She recalls someone’s suggestion: “‘You could just take Markover and put celebrity photos in your application and just become a People magazine where people can comment on the celebrity fashion piece that they like or didn’t like.’ And I was like, ‘No, I don’t want to do that!’”
Poptip, she says, “can be used for everything from ESPN asking about what your prediction for a sporting event is to something like OpenIDEO, which allows you to crowd-source the creation of something like a toilet for a Third World country that doesn’t have sewage systems. That’s human solidarity.”
Falter and her team have effectively created a stand for Archimedes’ lever, a way to harness the tweeting masses into moving the world. By quantifying the world’s thoughts in short hashtag responses, Poptip gives the increasingly populated social media universe the power to push back at the people in charge. In a very broad scope, Poptip is a new tool for democracy.
“Imagine,” Stacey said afterward, “if a user with serious followers tweets a question of substance. We’re hoping it’s an idea catalyst for campaigns, television shows, sporting events, world and U.S. events coming up that actually have importance to people.”
Sure, Poptip is useful for deciding whether the NBA MVP was LeBron or Durant (the former) or if Rachael Ray’s cherubic face is more telegenic over cupcakes or brownies (the latter). Forget that. Poptip gives Twitter the power of the ballot box. Revolutions have already faced down totalitarian regimes, proving that social media can be a powerful weapon (see: Arab Spring). While traditional media powerhouses can hold sway because of their large Twitter followings, nontraditional sources can do it, too. The beauty of Poptip and the world of social media as a whole is that anyone — anyone — can wield the lever.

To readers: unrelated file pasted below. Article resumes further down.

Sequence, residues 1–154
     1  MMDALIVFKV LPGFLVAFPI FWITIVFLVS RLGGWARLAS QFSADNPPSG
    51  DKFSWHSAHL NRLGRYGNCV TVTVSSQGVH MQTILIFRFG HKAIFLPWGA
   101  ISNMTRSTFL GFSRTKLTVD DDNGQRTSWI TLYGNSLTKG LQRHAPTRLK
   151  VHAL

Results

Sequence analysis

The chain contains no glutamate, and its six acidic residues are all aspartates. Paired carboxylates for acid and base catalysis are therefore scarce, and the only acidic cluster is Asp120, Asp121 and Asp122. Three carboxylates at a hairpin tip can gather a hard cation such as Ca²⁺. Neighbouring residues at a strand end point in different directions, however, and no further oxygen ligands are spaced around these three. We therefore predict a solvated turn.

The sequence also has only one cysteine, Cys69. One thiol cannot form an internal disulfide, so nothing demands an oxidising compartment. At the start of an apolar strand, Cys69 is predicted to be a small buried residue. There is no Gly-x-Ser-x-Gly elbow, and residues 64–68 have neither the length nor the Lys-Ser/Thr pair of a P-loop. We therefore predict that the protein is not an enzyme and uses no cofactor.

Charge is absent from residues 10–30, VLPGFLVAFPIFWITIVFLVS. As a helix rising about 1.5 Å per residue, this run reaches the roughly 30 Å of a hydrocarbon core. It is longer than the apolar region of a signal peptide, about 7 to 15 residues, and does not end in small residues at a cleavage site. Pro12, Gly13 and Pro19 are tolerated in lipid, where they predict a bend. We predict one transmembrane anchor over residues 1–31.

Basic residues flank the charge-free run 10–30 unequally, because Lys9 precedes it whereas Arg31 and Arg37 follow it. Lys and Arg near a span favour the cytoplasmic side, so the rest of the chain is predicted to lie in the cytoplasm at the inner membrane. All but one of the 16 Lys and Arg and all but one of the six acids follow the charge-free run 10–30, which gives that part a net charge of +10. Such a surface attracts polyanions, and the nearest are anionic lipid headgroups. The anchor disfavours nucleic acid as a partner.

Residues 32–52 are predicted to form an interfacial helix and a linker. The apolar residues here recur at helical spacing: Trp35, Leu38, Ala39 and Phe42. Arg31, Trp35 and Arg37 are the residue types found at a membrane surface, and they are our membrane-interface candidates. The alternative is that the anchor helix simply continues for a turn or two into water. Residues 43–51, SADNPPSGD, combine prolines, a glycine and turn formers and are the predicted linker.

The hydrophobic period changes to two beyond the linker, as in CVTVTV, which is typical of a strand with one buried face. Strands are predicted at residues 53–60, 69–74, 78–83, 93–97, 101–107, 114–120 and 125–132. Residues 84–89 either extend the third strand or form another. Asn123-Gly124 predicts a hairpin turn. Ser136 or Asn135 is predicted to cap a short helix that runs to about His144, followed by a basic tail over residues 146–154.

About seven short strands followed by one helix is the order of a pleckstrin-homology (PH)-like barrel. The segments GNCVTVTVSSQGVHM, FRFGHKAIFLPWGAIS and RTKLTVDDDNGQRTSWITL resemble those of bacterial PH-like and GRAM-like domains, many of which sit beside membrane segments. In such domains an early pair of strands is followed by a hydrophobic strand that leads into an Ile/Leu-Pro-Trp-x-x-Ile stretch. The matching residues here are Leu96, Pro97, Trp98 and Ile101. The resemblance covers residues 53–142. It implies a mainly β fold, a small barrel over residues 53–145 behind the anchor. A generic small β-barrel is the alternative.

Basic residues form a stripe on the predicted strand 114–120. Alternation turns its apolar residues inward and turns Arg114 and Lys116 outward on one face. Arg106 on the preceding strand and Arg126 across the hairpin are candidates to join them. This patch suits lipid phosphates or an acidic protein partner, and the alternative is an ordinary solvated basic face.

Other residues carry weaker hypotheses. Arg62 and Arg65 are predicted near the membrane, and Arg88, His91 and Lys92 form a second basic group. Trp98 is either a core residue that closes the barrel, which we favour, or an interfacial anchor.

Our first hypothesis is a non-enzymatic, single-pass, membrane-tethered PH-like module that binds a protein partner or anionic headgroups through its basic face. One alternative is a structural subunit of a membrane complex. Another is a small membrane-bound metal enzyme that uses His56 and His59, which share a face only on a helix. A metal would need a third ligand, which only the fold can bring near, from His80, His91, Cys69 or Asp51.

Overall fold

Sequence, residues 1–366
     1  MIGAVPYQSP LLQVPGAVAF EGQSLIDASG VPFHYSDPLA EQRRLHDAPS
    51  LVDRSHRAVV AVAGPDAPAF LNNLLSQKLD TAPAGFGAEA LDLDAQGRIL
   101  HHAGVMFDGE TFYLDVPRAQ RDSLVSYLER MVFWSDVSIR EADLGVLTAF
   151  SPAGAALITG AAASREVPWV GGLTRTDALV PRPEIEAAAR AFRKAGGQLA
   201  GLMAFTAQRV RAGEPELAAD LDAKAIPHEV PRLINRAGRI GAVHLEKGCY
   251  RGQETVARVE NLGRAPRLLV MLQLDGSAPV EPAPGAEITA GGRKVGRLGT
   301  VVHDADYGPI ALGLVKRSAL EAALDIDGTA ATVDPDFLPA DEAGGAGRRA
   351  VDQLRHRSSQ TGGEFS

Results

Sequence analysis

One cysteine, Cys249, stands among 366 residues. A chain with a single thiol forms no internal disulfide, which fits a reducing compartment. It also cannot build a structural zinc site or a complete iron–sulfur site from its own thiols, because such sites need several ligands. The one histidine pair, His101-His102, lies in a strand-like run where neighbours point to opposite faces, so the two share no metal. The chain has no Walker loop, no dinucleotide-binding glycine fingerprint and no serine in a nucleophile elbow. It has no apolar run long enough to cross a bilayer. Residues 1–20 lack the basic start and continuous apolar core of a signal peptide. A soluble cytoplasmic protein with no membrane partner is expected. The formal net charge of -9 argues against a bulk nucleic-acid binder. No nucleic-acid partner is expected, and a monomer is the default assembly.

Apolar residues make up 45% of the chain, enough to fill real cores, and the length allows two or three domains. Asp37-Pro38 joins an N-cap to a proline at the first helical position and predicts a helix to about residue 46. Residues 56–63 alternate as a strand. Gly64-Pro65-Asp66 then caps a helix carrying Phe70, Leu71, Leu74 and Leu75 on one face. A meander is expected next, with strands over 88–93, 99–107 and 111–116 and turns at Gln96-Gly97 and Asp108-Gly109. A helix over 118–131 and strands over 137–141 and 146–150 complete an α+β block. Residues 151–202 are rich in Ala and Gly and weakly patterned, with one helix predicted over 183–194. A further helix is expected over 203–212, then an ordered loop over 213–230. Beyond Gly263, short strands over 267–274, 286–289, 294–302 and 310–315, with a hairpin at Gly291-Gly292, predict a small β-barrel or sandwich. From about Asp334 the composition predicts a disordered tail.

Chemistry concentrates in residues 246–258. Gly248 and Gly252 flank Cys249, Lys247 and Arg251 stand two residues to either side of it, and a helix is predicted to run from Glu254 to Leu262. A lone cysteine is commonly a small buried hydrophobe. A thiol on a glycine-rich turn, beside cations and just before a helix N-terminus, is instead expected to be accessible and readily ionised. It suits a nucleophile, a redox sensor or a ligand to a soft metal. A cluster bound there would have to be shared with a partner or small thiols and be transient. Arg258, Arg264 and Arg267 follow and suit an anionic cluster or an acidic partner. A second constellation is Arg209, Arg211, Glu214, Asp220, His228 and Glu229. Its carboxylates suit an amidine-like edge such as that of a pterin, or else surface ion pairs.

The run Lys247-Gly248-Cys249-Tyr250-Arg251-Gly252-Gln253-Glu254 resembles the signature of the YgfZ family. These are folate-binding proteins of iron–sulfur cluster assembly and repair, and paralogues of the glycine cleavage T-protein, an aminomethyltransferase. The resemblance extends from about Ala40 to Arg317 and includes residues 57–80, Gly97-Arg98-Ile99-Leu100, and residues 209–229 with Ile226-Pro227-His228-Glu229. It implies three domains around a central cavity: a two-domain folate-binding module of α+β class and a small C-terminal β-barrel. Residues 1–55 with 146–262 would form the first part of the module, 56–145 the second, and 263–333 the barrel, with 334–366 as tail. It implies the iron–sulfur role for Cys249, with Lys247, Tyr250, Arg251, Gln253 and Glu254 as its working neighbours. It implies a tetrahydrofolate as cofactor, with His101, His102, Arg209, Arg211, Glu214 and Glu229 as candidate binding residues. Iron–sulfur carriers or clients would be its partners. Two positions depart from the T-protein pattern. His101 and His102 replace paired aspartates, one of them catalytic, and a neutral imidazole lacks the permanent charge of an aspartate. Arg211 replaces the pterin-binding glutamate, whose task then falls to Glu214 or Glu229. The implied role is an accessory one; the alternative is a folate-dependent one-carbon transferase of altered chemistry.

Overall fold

Glimpses of success
For all the team’s stress, Demo Day brought media praise and venture capital.
Peter Kafka of AllThingsD hailed: “While [Falter’s] youth makes for a good story, my hunch is that the company is going to get plenty of attention on its own merits.” As of late July, venture capitalists and companies such as ESPN, Twitter and Facebook had invested more than 1 million reasons for Poptip to succeed.
After Demo Day, I giddily watched as actor Jared Leto of Fight Club fame used Poptip for an inane question and received 1,600 responses. It felt like watching a space shuttle lift off.
Kelsey has lifted Poptip to its feet and says she’s gotten healthier. I’m inclined to think that happened when Poptip started gaining Fortune 200 companies as customers.
“I hadn’t really even connected with some of the most important people in my life in New York,” she says. “I joined a gym, so I’m doing physical, normal exercise. I’m going out to dinner with friends.” Then she catches herself: “But I’m still committed to what I’m working on.”
She has her doubts. Her vision. Hunger. Obsession.
“I want to be able to say wholeheartedly, this is the right thing, this was always the right thing. I want to say in modern times you can focus on one thing. It might not be widely accepted and you might have so many questions going into it, but it can turn out okay if you execute and stay focused.”
Michael Rodio, who was this magazine’s spring intern, recently moved from his boyhood home in Oceanport, New Jersey, to work for Notre Dame. He writes for the Daily Domer, a new Notre Dame news site.